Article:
Since my first two articles on the Trayvon Martin case (available in the SMM Trayvon Martin Case archive), the most momentous development has been the bond hearing. I will not go into detail on every aspect of that hearing as it has received blanket coverage elsewhere. Among the most competent voices covering this hearing (and the rest of the Martin case) are Just One Minute and my former Confederate Yankee (now closed to all but archival access) co-blogger, Bob Owens. By all means, take a moment to take the links and review their work on the hearing. I’ll focus instead on the testimony of the hearing and what it reveals, particularly about the prosecution’s case and the competence of its team.
On April 20, 2012, A bond hearing was held for George Zimmerman. Bond was set at $150,000 dollars. In our criminal justice system, it is presumed that bond will be granted for most defendants. It is denied, or set so high as to make release unlikely, only in the most serious cases—like murder—and only where the defendant (the accused) is a substantial flight risk. That Zimmerman was granted bail is unusual. That it was so relatively low is doubly unusual. Murder suspects rarely get bond. That Zimmerman was granted bond unmistakably indicates that the judge did not consider him to be a flight risk and that he was unimpressed by the evidence presented at the hearing. He had good reason to be unimpressed.
Bond hearings are usually quick and unremarkable. The prosecution presents evidence—which is almost always convincing—that it has a solid case. In this case, the transcript of the hearing reinforces my concerns from my last update: The Trayvon Martin Case, Update 2: The Prosecutor and the Affidavit. Those interested in the transcript should take the link to the CNN “rush” transcript of the case which is interrupted from time to time by commercial breaks. I’ll mention only the most telling points, and those most damaging to the prosecution:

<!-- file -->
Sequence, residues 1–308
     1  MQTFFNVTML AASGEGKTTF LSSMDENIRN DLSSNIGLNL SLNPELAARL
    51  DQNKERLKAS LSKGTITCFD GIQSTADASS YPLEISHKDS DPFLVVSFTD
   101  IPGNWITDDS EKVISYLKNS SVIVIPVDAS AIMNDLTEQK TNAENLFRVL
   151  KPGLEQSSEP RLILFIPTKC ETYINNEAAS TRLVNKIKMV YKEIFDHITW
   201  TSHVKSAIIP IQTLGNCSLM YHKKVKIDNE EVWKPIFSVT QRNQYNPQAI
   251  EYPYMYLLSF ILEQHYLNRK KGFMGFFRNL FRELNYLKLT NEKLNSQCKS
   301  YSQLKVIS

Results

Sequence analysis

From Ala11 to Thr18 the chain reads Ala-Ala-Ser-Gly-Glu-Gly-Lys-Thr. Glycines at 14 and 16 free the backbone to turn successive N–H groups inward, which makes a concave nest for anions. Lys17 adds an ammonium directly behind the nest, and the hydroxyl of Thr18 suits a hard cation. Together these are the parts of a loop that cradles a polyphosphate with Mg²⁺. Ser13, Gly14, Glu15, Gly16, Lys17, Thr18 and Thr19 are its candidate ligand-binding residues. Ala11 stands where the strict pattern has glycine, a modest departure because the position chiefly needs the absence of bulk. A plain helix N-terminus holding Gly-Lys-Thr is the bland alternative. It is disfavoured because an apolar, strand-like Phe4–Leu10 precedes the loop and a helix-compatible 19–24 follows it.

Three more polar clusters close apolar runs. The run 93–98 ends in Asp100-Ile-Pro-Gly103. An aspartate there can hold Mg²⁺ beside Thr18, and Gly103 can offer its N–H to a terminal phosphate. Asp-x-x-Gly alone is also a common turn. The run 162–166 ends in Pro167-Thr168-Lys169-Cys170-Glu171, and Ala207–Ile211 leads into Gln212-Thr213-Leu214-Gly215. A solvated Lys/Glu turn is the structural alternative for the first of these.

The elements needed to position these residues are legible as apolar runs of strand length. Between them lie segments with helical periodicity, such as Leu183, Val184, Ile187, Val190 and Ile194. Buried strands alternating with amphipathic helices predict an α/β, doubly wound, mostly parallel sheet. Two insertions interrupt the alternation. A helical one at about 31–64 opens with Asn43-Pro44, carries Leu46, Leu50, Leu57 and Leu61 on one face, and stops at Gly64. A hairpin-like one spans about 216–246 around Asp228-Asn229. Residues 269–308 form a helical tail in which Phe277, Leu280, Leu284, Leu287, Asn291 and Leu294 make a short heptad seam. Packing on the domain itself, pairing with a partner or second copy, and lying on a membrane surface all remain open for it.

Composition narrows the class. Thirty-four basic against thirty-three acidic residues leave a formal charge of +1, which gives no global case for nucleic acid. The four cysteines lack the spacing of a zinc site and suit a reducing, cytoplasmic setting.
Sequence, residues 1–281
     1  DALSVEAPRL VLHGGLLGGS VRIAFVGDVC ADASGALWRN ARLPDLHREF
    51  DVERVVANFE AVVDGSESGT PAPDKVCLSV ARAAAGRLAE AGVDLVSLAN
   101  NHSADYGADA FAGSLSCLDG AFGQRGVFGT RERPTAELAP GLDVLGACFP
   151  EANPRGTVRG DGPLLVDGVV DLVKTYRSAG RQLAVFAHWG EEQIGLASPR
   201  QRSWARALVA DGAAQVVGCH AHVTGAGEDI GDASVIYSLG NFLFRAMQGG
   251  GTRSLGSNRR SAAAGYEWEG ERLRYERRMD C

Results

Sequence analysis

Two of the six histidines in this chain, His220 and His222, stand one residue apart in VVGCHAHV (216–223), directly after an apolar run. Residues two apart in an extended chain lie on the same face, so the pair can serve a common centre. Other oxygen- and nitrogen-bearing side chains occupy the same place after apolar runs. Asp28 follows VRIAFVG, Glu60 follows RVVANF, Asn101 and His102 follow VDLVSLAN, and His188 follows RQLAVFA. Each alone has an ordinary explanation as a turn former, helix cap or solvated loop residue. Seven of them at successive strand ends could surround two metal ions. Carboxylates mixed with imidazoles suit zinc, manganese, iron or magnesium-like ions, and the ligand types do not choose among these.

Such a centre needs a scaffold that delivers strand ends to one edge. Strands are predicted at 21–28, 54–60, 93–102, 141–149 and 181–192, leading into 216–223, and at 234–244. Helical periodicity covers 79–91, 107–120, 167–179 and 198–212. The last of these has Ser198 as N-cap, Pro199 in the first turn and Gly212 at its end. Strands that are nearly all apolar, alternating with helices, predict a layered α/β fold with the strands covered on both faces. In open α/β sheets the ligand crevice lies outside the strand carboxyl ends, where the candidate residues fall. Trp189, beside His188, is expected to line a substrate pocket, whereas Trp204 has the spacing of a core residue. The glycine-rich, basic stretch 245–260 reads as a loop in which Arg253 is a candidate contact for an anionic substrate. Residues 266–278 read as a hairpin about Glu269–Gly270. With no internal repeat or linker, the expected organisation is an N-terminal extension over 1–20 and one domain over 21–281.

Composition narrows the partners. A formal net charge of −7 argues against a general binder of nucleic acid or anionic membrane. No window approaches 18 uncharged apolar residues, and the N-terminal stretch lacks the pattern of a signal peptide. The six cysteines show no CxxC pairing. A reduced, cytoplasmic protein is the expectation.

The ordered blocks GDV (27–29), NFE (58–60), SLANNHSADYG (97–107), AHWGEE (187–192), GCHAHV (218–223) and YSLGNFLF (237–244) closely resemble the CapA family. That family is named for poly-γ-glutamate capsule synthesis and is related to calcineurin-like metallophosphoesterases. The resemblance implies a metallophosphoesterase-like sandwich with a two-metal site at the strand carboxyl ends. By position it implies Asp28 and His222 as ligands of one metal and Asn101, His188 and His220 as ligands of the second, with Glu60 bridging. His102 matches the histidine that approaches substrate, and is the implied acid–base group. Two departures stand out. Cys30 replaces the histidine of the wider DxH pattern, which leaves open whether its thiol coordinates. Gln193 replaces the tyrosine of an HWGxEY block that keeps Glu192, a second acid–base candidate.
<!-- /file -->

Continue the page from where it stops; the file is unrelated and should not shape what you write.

The hearing, which was much longer and more revealing of the prosecution’s case than the overwhelming majority of such hearings, was remarkable in many ways. Among the most interesting was the performance of Zimmerman’s attorney, Mark O’Mara. O’Mara revealed himself to be a highly confident and competent lawyer, a man who knew the case forward and backward. On the other hand, the prosecution, represented by Bernardo De La Rionda, appeared to be unprepared neophytes.
* O’Mara established that Dale Gilbreath, one of the two special prosecutor’s investigators on the case, brought no materials—other than a copy of the affidavit—to the hearing. He was utterly unprepared to testify.
* Gilbreath continually dodged and weaved rather than directly answering O’Mara’s questions. He was utterly unable—or unwilling—to tell the court who put certain phrases in quotations in the affidavit or why. This is never a good sign when done by a police officer/prosecution witness.
* Gilbreath testified that he had no idea who put the word “profiled” in the affidavit, despite also testifying that only he and his fellow investigator T.C. Osteen wrote the affidavit, which he called a “collaborative document,” which was reviewed by “…our supervisor. There were several mistakes in it. They were corrected.” He also avoided defining the term.
* Gilbreath admitted that he did not interview Zimmerman. [This means that everything he and his fellow investigator knew about Zimmerman’s statements came from the materials collected by the Sanford Police. He has no new evidence in that part of the case.]